Beirut, 1965. Eccentric American billionaire Zane Smith is quite entranced by tattooed dancer known only as the Dark Lily. In fact, he is so entranced that he takes her back to his hotel room for a private performance. It’s only when he wakes up in the morning with one hell of a headache and the Dark Lily gone that Smith realizes he may have bitten off more than he can chew.
However, none of the valuables in Smith’s hotel room is missing – nothing save an invitation to a party at the American embassy in Beirut. But why would an exotic dancer attempt to snatch an invitation to an embassy party for herself? And who is the mysterious Dark Lily?
Read an excerpt.
List price: 2.99 USD, EUR or GBP
Buy it at Amazon US, Amazon UK, Amazon Germany, Amazon France, Amazon Spain, Amazon Italy, Amazon Canada, Amazon Brazil, Amazon Japan, Amazon India, Kobo, Barnes & Noble, Apple iTunes, Casa del Libro, W.H. Smith, Nook UK, DriveThruFiction, OmniLit/AllRomance ebooks and XinXii.
More formats coming soon.
Some background information:
- The Dark Lily is a novelette of 10500 words. This story is a digital premiere and has never been published before.
- The Dark Lily is a prequel to my spy novelette The Other Side of the Curtain and tells the story of how Zane Smith (though he still appears by his full name Zebediah here) and Shoushan Kariyan first met.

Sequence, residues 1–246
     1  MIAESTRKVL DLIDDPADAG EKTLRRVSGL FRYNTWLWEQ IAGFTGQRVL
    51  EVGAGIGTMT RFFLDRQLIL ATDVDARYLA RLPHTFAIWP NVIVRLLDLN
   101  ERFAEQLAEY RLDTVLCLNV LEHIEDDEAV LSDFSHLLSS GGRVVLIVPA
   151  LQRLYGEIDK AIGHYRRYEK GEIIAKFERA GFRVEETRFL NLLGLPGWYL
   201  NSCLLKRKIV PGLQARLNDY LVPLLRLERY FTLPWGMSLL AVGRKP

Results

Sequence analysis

- The Zane Smith and Shoushan Kariyan stories are intended to pay homage to the great spy fiction, films and TV shows of the 1960s. There’s definitely a bit of Modesty Blaise and Willy Garvin not to mention John Steed and Emma Peel in Zane and Shoushan.
- When writing The Dark Lily, I knew early on that I not just wanted to emulate the spy fiction of the 1960s, I also wanted to write an East meets West story. Hence we have Zebediah “Zane” Smith, the eccentric American billionaire, and Shoushan Kariyan, the Soviet Armenian KGB spy.
- I was experimenting a lot with first person narration at the time I wrote The Dark Lily, so the novelette featured two dueling first person narrators, Zane and Shoushan.
- However, the immediate inspiration for The Dark Lily was a piece of vintage comic artwork showing a woman with what appeared to be tattoos spiraling down her arms.
- I don’t know where the Lebanese setting came from. I suspect the reason is that I was fascinated by the fact that Beirut, a city I mainly associated with bombs, kidnappings and a bloody civil war growing up in the 1980s, had been a glamorous metropolis a mere twenty years before.
- The original draft of The Dark Lily was written as an assignment for a creative writing class at university. In order to get a grade for the class, I also had to hand in a literary analysis of the story and the writing process. A PDF copy of that analysis may be found here, for those who care.
- Initially, there was supposed to be a series of more or less loosely interlinked novelettes. But to date, The Dark Lily and The Other Side of the Curtain are the only stories that are finished. More will follow in the future.
- The direct sequel to The Dark Lily is Saida, which chronicles the adventures of Smith and Shoushan at the pipeline construction and archaeological dig site in the city of Saida, formerly known as Sidon. Saida will be coming soon from Pegasus Pulp.
- The cover image is a stock illustration by artist David Gn via Canstockphoto. The style of the cover was inspired by the psychedelic artwork of Wes Wilson and Peter Max. The flowers also evoke the so-called Pril flowers, flower shaped stickers that were included as a premium with bottles of Pril detergent in the 1970s.